Growing up on her family’s small hobby farm, Lindsey Borst developed a love of caring for animals of all types. However, it wasn’t until she married her husband, Kevin, that her passion for dairy farming and its way of life fully ignited.
Borst Family Dairy of Rochester, Minnesota, was started in 1946. At the time, Kevin’s grandpa and great-grandpa milked 20 cows in a stanchion barn. As the fourth generation on the family farm, Lindsey and Kevin work in partnership with Kevin’s brother, Kyle, his dad, Matt, and his uncle, Larry. Together the family works to milk 230 Holstein cows, and they grow 1,100 acres of corn, soybeans and alfalfa. “The dairy farming operation truly is a team effort,” says Borst.
Despite having not been raised on a dairy farm, Borst enjoys helping in any way. Borst says, “I do not work full-time on the dairy farm, as I am a veterinarian. However, I do all of the farm’s veterinarian work and have even started working on calf and heifer nutrition through Purina.”
Growing up without dairy right outside her door has also given Borst a unique perspective. Borst explains, “It has been easier to explain things to consumers as I also did not have much knowledge on how a dairy farm was run before.”
In an era full of choices, Borst believes one of the dairy community’s most significant challenges is balancing what is economical on the farm and keeping consumers happy and aware of where their food comes from. Over the past two summers, Borst has attended the Dairy Experience Forum organized by Midwest Dairy. The highlight of the conference for her has been the consumer focus panel. “It opens your eyes to how far removed most consumers are from agriculture, and it also gives us insight into what they think about how we farm. By getting in their minds, it helps us tell our story in a way that makes more sense to them,” shares Borst.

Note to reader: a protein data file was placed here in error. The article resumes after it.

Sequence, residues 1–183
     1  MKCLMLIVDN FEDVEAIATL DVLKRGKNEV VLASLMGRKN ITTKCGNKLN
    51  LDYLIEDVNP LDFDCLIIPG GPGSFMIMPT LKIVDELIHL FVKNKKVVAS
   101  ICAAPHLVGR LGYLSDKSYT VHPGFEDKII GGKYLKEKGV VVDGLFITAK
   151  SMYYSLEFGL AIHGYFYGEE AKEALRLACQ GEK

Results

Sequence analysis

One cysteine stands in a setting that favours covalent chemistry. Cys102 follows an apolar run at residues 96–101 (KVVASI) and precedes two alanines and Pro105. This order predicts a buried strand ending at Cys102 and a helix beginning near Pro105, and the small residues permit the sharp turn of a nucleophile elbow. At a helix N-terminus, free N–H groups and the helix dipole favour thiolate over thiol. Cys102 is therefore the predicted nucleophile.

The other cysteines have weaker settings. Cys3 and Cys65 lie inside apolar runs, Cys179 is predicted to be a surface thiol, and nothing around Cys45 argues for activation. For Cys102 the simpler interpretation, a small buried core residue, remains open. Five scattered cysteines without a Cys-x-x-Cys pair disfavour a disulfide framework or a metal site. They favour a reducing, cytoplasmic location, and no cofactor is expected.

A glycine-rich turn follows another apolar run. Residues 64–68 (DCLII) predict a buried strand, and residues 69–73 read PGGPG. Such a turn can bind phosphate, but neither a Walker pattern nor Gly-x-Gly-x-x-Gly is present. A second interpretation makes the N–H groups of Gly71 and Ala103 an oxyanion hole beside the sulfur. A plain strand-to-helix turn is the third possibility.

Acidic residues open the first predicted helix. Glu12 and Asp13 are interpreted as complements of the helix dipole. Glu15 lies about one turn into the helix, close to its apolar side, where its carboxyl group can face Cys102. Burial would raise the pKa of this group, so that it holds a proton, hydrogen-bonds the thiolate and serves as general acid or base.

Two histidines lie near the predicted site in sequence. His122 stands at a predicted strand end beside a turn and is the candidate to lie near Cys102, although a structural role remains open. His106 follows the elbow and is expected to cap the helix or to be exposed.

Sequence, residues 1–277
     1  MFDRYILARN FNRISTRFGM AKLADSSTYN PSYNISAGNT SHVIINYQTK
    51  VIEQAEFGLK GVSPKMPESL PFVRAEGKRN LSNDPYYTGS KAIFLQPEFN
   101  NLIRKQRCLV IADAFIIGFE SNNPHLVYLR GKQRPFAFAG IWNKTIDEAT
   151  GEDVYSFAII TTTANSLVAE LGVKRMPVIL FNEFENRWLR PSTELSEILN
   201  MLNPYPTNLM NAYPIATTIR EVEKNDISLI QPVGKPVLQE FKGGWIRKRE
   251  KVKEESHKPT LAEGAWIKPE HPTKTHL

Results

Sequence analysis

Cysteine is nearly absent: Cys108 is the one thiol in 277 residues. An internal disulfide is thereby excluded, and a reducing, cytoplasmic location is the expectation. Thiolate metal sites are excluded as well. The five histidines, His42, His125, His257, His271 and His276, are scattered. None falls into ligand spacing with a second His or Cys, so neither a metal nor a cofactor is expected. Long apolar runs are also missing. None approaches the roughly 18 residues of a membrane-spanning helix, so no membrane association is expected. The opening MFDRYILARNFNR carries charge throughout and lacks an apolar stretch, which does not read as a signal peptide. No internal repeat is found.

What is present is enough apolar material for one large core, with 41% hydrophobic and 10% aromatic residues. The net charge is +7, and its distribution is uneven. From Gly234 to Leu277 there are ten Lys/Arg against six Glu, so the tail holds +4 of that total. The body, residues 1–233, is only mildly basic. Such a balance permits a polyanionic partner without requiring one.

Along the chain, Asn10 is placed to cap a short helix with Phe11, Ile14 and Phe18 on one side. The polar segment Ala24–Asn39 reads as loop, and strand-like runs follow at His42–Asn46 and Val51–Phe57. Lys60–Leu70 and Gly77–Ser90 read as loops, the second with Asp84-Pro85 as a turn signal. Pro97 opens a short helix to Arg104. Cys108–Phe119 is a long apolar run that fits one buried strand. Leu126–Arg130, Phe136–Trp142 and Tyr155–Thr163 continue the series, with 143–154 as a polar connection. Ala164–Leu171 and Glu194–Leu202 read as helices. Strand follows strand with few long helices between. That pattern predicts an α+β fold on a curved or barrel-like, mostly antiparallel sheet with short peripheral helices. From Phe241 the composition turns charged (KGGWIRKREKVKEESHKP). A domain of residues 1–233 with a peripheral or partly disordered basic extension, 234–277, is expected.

To combat the disconnect between farmers and consumers, Borst has turned to social media. Borst Family Dairy is active on Facebook and Instagram. “We post everyday things sharing an educational tidbit of how cows are treated and why we do what we do, but we also like to keep it light-hearted and interesting,” Borst explains.
When Borst and her family are not busy on the farm, they can often be found helping in the community. Kevin serves on the local county Dairy Herd Improvement Association (DHIA) board, and Lindsey is involved on the Southeast Minnesota Dairy Initiative board. The family also has a long tradition of actively participating in 4-H. According to Borst, “It is important to give back to the community, and for farmers to have a presence. Agriculture is an essential economic aspect within communities, and farmers need to show their faces.”
At the end of the day, Borst is thankful for her opportunity to work within agriculture, and specifically dairy farming, because it gives her a sense of purpose, knowing she is helping to feed others. “We do everything for a reason, and our cows’ and land’s best interest is always our top priority. If it were not the longevity of our family’s business, our way of life would not be there.”
*Photos featured in this article were taken prior to March 2020 before mandatory mask/social distancing mandates were implemented.